Three leveraged buyout firms have made final bids that (some believe) range near $3 billion for Raytheon Aircraft, a company that last year claimed 416 aircraft sold for a cumulative $2.9 billion, which along with strong forecasts may represent a relative boom, making the company more attractive to potential buyers. Outspoken piston pilots aware of pricing of new Beechcraft singles have long suggested that marketers at Raytheon have approached the market wondering just how much they have to charge before people stop buying their aircraft. The theory may stem from Raytheon's long-standing position that Beech Aircraft is not part of its core business. For its part, Raytheon Aircraft added 35 positions at its Salina manufacturing facilities and reported plans to add 55 more over the next six months, bringing the workforce to 425 strong.

Firms said to be involved in the bidding include Carlyle Group, Cerberus Capital Management and Onex Corp. of Canada. Raytheon Aircraft competes directly with General Dynamics' Gulfstream unit, Textron's Cessna unit and Canada's Bombardier. A recent surge in sales, particularly on the bizjet side, has put the company in a profit position and the forecast for continued strong sales in that sector has made the company an attractive acquisition target, according to various analysts.

Boeing Touts "Green" BBJ

With delivery last week of its 100th "green" Boeing Business Jet, the company claimed success in selling empty, unpainted and largely unfinished aircraft (aesthetically, anyway) aircraft to customers -- 35 percent of whom are heads of state -- around the world. The program allows buyers to then "work with designers and interior completion centers to install an interior that exactly matches the owner's preferences and needs," according to the company. Boeing Business Jets' order book stands at 124 jets including 99 BBJs, 14 BBJ 2s , two BBJ 3s and nine widebody VIP airplanes. Aside from the wow factor, the BBJ offers a 6,000-nm range and 807 square feet of cabin space that is "nearly three times the interior space of competing models with similar range capability," according to Boeing ... and in our experience bests many one-bedroom New York City apartments.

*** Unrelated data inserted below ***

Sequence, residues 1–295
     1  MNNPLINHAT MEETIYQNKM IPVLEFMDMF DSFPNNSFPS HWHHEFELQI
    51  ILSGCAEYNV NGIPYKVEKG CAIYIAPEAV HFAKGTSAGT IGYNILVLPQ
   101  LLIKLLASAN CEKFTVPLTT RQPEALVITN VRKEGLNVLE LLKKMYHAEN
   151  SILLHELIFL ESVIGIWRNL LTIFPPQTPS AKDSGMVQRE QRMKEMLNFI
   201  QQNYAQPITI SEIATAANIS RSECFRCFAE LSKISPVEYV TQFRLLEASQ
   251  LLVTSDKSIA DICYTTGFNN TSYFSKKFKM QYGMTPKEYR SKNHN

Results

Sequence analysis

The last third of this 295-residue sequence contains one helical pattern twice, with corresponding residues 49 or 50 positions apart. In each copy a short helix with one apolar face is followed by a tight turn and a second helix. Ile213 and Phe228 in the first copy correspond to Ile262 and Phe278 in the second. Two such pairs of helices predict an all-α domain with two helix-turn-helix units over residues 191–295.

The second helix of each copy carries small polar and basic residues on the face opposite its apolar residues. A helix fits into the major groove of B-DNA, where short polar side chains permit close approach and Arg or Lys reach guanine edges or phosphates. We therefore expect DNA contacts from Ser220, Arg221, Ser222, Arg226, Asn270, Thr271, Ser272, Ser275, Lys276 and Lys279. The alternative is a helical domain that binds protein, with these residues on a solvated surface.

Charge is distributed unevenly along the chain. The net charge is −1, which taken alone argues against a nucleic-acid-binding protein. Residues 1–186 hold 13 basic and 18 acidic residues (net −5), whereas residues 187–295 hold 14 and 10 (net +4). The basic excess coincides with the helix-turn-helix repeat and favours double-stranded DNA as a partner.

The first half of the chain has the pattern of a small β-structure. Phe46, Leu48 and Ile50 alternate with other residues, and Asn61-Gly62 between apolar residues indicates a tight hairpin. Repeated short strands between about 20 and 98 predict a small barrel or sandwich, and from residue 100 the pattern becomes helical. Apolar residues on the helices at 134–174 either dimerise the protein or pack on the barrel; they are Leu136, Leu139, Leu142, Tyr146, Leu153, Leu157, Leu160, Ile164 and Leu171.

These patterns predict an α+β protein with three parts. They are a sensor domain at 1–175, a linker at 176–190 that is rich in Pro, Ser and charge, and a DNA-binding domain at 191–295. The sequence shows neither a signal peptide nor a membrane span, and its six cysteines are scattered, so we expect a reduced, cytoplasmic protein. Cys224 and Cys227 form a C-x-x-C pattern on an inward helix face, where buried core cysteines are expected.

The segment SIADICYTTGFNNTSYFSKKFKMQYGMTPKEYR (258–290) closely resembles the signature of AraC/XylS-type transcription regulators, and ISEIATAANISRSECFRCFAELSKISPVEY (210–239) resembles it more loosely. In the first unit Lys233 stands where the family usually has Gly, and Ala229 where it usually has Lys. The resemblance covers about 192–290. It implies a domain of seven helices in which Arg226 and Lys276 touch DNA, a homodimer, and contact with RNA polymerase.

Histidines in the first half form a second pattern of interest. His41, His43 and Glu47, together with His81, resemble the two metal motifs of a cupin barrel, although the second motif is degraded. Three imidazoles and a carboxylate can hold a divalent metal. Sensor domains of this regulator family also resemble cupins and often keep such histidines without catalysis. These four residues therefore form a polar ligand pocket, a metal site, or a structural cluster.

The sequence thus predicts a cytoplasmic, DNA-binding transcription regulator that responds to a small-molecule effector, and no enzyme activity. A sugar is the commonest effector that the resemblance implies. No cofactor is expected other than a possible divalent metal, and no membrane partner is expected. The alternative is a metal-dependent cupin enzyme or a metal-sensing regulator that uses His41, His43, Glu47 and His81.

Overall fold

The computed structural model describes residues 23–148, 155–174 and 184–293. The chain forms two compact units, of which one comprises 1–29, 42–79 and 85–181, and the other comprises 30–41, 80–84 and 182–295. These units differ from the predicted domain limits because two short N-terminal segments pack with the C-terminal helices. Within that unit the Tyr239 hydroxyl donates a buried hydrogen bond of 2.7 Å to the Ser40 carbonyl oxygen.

Boeing claims that reaching the century mark in sales on the aircraft, introduced in 1996, "is an amazing testament to the BBJ's wide market appeal and the great work of the Boeing team members."

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NetJets Europe Fight$ To Retain Pilots

Nearly 700 pilots and flight attendants working for NetJets Europe will see their compensation packages improve next year after the company this year lost close to 50 employees to airlines and other suitors, according to a report by Flight International. For starting captains, the new deal will translate to a salary boost pushing dollars from just over $100,000 to $125,000 each year while first officers will enjoy the bump from near $66,000 to $75,000. Merry Christmas. But that's not all; the company's desire to retain workers is also flowing through improved contracts and work schedules that guarantee "six days on to five days off," according to NetJets business development manager Robert Dranitzke.

The changes are expected to cost the company $30 million next year when NetJets will add 30 aircraft to its 114-jet European fleet. Expect that to translate to approximately 180 more people, including attendants and pilots.